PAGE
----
After the occurrence of the death, the (wailing for) three days, which left no leisure for anything else; the not taking off (the headband or girdle) for three months; the grief and lamentation for a whole year; and the sorrow on to the three years: (in all these things) there was a gradual diminution of the (manifestation of) affection. The sages, in accordance with that diminution of the natural feeling, made their various definite regulations.
It was on this account that the mourning rites were limited to three years. The worthiest were not permitted to go beyond this period, nor those who were inferior to them to fall short of it. This was the proper and invariable time for those rites, what the (sage) kings always carried into practice. When it is said in the Shû (Part IV, Book VIII, i, 1), that Kâo Zung, while occupying the mourning shed, for three years did not speak, this expresses approval of that sovereign. But the kings all observed this rule;--why is the approval only expressed in connexion with him? It may be replied, 'This Kâo Zung was Wû Ting.' Wû Ting was a worthy sovereign of Yin. He had come to the throne in the due order of succession, and was thus loving and good in his observance of the mourning rites. At this time Yin, which had been decaying, revived again; ceremonial usages, which had been neglected, came again into use. On this account the approval of him was expressed, and therefore it was recorded in the Shû, and he was styled Kâo (The Exalted), and designated Kâo Zung (The Exalted and Honoured Sovereign). (The rule was that), during the three years' mourning, a ruler should not speak; and that the Shû says, 'Kâo Zung, while he occupied the mourning shed, for the three years did not speak,' was an illustration of this. When it is said (in the Hsiâo King, chapter 18th), 'They speak, but without elegance of phrase,' the reference is to ministers and inferior (officers).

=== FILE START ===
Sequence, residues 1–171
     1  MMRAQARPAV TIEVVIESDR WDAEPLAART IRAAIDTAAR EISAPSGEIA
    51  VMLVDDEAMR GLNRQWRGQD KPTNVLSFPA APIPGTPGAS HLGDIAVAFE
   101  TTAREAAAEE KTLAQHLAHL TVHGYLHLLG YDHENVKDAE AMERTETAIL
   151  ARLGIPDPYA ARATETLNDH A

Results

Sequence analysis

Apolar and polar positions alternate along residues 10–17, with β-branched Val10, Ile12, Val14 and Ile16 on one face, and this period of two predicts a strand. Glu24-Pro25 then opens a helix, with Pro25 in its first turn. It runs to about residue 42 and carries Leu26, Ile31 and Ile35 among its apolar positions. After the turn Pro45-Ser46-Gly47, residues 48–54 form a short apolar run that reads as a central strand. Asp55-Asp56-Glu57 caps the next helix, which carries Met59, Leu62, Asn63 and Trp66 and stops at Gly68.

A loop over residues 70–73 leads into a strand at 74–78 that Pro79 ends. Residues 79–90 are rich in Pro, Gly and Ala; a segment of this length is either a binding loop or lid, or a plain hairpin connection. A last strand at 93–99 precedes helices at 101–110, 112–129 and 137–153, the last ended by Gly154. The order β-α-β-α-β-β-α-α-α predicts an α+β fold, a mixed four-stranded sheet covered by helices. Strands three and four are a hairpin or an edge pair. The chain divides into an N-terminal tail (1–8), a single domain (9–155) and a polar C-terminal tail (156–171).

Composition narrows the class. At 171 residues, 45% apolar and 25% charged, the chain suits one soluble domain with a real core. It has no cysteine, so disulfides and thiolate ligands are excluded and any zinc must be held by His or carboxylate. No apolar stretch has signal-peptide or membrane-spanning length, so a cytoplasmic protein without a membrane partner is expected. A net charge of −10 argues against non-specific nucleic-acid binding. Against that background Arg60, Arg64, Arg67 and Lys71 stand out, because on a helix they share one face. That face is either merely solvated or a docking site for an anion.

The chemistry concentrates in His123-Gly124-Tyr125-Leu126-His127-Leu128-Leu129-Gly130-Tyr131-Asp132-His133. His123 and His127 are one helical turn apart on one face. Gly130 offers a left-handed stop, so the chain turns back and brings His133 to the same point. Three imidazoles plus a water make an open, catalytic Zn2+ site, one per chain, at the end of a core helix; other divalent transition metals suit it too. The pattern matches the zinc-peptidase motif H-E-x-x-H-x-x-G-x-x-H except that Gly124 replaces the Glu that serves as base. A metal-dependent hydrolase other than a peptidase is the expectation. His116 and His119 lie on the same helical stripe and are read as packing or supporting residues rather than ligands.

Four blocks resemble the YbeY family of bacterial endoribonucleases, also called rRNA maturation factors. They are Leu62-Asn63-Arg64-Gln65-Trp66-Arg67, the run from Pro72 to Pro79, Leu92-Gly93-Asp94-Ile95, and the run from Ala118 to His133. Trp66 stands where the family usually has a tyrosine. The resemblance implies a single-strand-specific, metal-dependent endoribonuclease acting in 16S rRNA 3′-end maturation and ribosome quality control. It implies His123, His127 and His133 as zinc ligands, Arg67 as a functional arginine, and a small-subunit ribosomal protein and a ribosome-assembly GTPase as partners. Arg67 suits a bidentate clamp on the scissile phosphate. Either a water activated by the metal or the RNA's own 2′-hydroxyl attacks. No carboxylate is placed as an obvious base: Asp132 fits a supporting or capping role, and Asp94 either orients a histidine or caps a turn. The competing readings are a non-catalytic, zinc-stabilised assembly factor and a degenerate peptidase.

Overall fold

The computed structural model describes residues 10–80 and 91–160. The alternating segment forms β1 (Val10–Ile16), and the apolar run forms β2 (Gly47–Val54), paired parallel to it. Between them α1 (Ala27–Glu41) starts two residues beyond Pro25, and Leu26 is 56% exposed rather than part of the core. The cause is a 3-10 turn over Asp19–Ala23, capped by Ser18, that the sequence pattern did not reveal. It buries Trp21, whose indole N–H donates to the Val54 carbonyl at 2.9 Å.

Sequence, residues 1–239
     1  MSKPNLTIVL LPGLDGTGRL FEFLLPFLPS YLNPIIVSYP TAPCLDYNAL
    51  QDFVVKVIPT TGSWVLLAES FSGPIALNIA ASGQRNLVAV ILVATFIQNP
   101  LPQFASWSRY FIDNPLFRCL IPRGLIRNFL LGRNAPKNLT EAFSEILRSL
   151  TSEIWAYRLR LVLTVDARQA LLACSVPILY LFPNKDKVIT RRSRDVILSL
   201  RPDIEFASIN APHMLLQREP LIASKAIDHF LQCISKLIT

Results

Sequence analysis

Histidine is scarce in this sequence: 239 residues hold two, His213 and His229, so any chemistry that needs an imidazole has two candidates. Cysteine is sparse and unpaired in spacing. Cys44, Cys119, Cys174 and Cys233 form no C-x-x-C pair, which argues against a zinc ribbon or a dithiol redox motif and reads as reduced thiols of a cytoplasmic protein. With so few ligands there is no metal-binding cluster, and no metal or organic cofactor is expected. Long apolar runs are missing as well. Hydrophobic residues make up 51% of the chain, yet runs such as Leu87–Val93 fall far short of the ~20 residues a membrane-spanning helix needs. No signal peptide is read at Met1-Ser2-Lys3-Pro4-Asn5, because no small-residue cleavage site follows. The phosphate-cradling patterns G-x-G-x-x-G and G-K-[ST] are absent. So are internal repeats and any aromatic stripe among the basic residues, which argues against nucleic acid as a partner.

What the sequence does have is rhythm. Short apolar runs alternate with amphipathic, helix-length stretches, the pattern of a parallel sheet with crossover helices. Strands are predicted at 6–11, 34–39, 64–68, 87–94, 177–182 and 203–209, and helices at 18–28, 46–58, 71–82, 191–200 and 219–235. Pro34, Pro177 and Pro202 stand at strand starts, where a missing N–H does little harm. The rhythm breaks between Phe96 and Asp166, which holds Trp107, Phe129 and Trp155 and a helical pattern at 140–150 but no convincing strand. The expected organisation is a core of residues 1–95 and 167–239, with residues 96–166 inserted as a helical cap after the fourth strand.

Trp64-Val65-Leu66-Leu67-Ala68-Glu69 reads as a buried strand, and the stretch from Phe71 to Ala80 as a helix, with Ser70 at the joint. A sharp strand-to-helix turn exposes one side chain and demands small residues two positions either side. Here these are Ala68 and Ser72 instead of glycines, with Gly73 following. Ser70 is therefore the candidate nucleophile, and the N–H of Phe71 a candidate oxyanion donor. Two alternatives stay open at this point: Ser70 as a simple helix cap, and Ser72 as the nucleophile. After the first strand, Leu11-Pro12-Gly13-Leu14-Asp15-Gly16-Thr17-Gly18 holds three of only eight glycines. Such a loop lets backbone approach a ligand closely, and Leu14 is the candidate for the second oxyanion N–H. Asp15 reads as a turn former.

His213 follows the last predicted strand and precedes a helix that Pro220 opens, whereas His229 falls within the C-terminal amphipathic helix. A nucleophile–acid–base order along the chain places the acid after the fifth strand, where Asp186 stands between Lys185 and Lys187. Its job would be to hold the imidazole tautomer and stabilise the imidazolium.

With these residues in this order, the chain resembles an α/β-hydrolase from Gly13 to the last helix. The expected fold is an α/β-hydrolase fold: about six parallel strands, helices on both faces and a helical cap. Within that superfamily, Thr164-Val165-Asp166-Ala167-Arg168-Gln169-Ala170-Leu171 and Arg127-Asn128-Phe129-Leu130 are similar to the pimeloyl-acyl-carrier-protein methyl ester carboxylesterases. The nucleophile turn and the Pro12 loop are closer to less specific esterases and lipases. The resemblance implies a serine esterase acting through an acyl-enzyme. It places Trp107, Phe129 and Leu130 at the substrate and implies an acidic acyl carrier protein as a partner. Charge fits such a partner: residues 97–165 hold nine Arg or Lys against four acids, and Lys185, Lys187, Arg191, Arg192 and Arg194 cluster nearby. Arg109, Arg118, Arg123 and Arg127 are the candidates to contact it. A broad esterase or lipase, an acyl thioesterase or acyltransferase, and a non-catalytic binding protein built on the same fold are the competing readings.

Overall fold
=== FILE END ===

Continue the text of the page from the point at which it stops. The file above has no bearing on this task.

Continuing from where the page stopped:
According to the usages, when wearing the sackcloth with jagged edges (for a father), (a son) indicated that he heard what was said to him, but did not reply in words; when wearing that with even edges (for a mother), he replied, but did not speak (of anything else); when wearing the mourning of nine months, he might speak (of other things), but did not enter into any discussion; when wearing that of five months, or of three, he might discuss, but did not show pleasure in doing so.
At the mourning rites for a parent, (the son) wore the cap of sackcloth, with strings of cords, and sandals of straw; after the third day, he (began to) take gruel; after the third month, he washed his head; at the end of the year, in the thirteenth month, he put on the mourning silk and cap proper after the first year; and when the three years were completed, he offered the auspicious sacrifice.
When one has completed these three regulated periods, the most animated with the sentiment of benevolence (or humanity) can perceive the affection (underlying the usages); he who has (most) knowledge can perceive the nice distinctions pervading them; and he who has (most) strength can perceive the (force of) will (required for their discharge). The propriety that regualtes them, and the righteousness that maintains their correctness, may be examined by filial sons, deferential younger brother, and pure-minded virgins.
1. See the introductory notice, vol. xxvii, pp. 59, 60.
2. A son, on his father's death, is exempted from official duties for a time; but this exemption is suspended on occasions of pressing exigency.
3. A son, on his father's death, is exempted from official duties for a time; but this exemption is suspended on occasions of pressing exigency.
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|Published by The Institute for Advanced Technology in the Humanities, © Copyright 2003 by Anne Kinney and the University of Virginia|